Government needs to prioritise its commitment to free contraceptive scheme to all women
The Dublin Well Woman Centre (DWWC) has given a cautious welcome to the announcement in today’s Budget 2022 by Minister for Health Stephen Donnelly of a funding allocation to realise the Programme for Government commitment to free contraception. Access to free contraception was a recommendation made by the Oireachtas Committee on the Eighth Amendment and was included in the Programme for Government in 2020 for women aged 17 – 25 years.
Commenting on the Budget announcement, Well Woman’s Chief Executive, Alison Begas, said; “We welcome today’s announcement by Minister Stephen Donnelly that his Department has allocated funding to realise this commitment. It’s a positive start, and a good day for women in Ireland, and it gives us confidence that free contraception can begin to be rolled out in 2022 for women aged 17 – 25 years.”
“If the programme is planned and delivered well, and crucially if it includes funding for the more effective long-acting forms of contraception, it will take away the cost barrier for women aged 17 – 25 years, thus helping reduce the number of unplanned pregnancies. It will give women choice about when to become pregnant. This is a welcome first-step in rolling out a fully State-funded contraception scheme to all women in their reproductive years,” she continued.
Providing free contraception for women aged under 25 is a good first step. DWWC has called for a detailed plan on how it will be rolled out. It is important that those organisations with frontline expertise, such as Well Woman, are consulted by the Department of Health’s Implementation Group at an early stage.
In 2020, the DWWC published the most comprehensive national research in ten years on women’s knowledge, awareness, and access to contraception. This research, The Contraception Conversation, showed that the cost of contraception is one of the barriers faced by many women, especially young women.
Dr Shirley McQuade, Medical Director of DWWC said, “Our clinical experience every day, confirms that women face many barriers to accessing the most appropriate forms of contraception. All women should be able to access contraception that is most appropriate for them, and free of charge. There is no one right form of contraception for each woman, and many will change what contraception they use over time. A comprehensive programme should give a woman the choice of which she wants to use, in consultation with her GP or medical professional.”
DWWC fits an increasing amount of Long-Acting Reversible Contraceptives (LARCs) every year. LARCs are more dependable than other popular forms of contraception such as the pill or condom, whose effectiveness depends on rigorously compliant use. LARCs have an extremely high rate of success and are over 99% effective in reducing the incidence of unintended pregnancy.
DWWC’s 2020 research confirmed that the contraceptive pill and condoms are the most common forms of contraception used by respondents. 28% of respondents use the contraceptive pill whilst 27% rely on condoms to prevent pregnancy. These are the methods cited most often in contraceptive failure by health experts and extensive international research.
“Over half of the respondents in The Contraception Conversation (53%) were not aware that the condom has a 17% failure rate in typical use, and almost half (49%) were not aware that the failure rate for the pill is actually 9%,” commented Alison Begas.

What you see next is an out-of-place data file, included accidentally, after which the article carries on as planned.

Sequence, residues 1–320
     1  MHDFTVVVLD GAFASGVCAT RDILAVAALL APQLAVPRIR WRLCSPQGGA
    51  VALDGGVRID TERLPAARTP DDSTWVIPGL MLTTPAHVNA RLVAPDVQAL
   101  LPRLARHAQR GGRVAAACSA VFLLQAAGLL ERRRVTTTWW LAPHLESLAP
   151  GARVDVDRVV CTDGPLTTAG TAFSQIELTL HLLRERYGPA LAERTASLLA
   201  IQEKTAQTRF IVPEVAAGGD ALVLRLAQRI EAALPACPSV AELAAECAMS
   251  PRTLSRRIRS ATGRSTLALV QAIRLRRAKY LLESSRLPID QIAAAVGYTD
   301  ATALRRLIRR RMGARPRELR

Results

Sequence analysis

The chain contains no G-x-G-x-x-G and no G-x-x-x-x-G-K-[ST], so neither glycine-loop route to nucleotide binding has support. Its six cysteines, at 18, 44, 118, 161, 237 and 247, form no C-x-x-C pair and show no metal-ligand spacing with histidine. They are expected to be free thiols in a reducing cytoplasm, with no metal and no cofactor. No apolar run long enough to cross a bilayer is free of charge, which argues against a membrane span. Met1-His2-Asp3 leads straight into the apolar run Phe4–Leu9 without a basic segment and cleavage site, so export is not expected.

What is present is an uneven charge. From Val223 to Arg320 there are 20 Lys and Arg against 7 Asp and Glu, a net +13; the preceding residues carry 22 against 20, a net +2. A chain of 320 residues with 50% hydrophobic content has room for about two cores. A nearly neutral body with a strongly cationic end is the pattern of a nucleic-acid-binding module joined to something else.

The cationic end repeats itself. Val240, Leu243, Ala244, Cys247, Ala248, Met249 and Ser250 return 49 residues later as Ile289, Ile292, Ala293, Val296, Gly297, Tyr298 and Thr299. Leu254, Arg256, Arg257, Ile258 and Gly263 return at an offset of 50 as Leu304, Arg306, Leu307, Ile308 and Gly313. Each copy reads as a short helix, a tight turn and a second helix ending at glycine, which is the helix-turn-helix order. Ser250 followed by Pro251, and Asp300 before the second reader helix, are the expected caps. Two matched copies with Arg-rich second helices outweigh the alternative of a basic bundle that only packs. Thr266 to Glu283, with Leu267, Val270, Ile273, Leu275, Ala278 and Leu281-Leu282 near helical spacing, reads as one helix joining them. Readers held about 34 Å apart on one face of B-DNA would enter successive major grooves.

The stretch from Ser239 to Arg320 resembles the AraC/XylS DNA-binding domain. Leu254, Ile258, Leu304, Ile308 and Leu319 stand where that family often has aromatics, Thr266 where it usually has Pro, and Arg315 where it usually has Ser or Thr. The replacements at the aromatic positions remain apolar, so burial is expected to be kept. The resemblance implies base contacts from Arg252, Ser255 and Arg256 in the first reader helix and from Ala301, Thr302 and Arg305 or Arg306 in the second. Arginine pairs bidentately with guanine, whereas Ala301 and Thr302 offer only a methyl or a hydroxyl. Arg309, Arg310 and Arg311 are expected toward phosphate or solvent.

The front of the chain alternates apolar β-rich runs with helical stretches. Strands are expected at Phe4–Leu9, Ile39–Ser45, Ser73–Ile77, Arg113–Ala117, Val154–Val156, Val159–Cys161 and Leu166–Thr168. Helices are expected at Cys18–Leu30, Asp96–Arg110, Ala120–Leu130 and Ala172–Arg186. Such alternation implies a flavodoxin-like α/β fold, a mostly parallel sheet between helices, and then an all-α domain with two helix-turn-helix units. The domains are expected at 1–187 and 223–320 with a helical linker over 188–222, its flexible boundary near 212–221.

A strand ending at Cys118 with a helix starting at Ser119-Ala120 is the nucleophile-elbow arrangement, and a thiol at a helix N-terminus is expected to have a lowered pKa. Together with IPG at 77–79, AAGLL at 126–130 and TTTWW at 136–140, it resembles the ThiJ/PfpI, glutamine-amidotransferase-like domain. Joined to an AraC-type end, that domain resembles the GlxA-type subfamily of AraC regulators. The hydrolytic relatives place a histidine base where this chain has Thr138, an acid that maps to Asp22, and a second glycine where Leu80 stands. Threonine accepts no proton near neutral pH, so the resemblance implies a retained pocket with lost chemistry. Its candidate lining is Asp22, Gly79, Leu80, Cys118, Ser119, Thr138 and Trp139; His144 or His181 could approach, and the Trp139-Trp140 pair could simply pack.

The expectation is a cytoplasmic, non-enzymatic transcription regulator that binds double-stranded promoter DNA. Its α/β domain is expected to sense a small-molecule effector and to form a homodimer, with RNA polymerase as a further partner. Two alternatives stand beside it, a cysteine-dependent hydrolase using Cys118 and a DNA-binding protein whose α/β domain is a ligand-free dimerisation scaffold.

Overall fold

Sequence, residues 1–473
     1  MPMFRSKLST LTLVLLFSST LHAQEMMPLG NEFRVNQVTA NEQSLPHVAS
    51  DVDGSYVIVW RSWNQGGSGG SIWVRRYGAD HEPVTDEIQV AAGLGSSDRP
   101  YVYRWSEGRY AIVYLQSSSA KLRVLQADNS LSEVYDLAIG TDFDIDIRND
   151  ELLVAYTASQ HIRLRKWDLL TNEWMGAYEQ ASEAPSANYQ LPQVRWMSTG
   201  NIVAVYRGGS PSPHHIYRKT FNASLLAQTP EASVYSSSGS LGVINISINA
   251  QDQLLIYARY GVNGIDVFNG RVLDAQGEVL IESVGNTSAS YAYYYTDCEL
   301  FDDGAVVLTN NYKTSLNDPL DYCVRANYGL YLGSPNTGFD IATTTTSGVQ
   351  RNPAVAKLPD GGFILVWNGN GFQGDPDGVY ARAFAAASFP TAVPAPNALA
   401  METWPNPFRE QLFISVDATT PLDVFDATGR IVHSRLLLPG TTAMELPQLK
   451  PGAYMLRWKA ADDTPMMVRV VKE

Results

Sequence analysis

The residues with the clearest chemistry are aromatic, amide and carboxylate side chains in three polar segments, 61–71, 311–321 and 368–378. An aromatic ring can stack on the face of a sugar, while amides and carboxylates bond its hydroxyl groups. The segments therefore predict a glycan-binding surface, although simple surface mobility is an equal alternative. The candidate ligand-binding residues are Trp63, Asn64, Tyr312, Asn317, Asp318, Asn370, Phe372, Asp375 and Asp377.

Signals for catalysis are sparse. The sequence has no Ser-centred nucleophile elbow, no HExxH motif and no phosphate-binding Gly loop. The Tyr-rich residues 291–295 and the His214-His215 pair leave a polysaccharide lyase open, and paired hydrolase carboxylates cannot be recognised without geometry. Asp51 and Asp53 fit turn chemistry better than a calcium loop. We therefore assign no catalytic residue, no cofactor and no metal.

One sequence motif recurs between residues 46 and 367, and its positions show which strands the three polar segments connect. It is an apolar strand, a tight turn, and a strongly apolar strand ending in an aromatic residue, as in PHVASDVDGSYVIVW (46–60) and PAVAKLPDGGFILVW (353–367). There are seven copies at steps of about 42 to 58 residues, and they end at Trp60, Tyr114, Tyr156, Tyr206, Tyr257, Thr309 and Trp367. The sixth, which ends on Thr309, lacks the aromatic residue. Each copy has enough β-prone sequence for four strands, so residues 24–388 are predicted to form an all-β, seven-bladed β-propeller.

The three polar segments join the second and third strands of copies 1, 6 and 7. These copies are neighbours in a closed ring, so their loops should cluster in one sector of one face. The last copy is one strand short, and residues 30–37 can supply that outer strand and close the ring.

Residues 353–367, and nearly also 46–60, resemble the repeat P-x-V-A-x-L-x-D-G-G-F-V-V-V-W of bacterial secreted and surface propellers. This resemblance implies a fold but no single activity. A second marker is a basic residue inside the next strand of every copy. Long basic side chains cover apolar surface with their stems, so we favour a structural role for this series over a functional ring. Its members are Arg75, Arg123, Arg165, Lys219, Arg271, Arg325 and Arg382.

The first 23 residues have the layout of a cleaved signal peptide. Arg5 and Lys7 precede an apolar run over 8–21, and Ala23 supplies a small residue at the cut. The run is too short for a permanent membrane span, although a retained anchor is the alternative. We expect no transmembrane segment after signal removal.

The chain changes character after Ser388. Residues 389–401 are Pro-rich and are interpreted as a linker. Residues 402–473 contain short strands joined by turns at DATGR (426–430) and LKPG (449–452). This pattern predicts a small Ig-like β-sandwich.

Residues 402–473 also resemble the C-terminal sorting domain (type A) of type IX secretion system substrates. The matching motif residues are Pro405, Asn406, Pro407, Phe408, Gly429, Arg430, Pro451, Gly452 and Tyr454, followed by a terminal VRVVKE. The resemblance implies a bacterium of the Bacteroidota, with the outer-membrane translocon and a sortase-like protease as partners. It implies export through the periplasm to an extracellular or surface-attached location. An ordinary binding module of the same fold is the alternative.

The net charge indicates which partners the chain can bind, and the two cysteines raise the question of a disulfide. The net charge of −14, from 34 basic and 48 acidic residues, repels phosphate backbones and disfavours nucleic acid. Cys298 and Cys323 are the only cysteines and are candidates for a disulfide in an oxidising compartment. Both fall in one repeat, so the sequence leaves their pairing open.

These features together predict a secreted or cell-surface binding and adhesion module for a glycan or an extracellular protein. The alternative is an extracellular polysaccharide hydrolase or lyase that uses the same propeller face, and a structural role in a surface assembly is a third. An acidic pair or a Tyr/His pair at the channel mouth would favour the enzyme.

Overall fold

Well Woman’s Medical Director Dr Shirley McQuade said “We are experiencing a growing demand amongst women in Ireland for LARCs with many women increasingly aware of the benefits of LARCs when presenting to a Well Woman Clinic Doctor for their initial consultation. LARCs have proven to be a much more effective form of contraception than the oral contraceptive pill, and these ‘Fit and Forget’ contraceptives are also the most cost-effective form of contraception in the long term.”
“Yet cost can be a significant barrier when it comes to accessing Long-Acting Reversible Contraception methods,” she continued. “Whereas a LARC can provide highly effective contraception for 3 – 10 years (depending on the option chosen), there is an upfront purchase and fitting cost, which can deter younger women.”
Concluding, Alison Begas said: “We need to see a timeline for universal, free access to contraception. Adequate resourcing of the programme is crucial. It also needs to address geographic and information barriers to accessing the appropriate form of contraception. This must be seen as the start of a comprehensive programme of contraception, which then needs to be rolled out to women across all reproductive years. So, it’s a case of much done, but more to do.”
For further details, please check out: www.wellwomancentre.ie @dublinwellwoman
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About the Dublin Well Woman Centre:
DWWC was founded in 1978, with the aim of giving women in Ireland access to information and services around contraception, at a time when it was largely illegal. In the 1980s and 90s the organisation fought a number of court cases at the High Court and Supreme Court, eventually winning (at the European Court of Human Rights) the right to give women information on abortion and on abortion services available outside the State. It campaigned for repeal of the 8th Amendment for many years.
DWWC operates three women’s health clinics in Dublin, and employs 34 doctors, nurses, counsellors, and administrative staff. Over 35,000 consultations are provided annually, and the DWWC prides itself on offering services that support women at every stage of their reproductive health journey. The Dublin Well Woman Centre is a not-for-profit organisation and is a registered charity.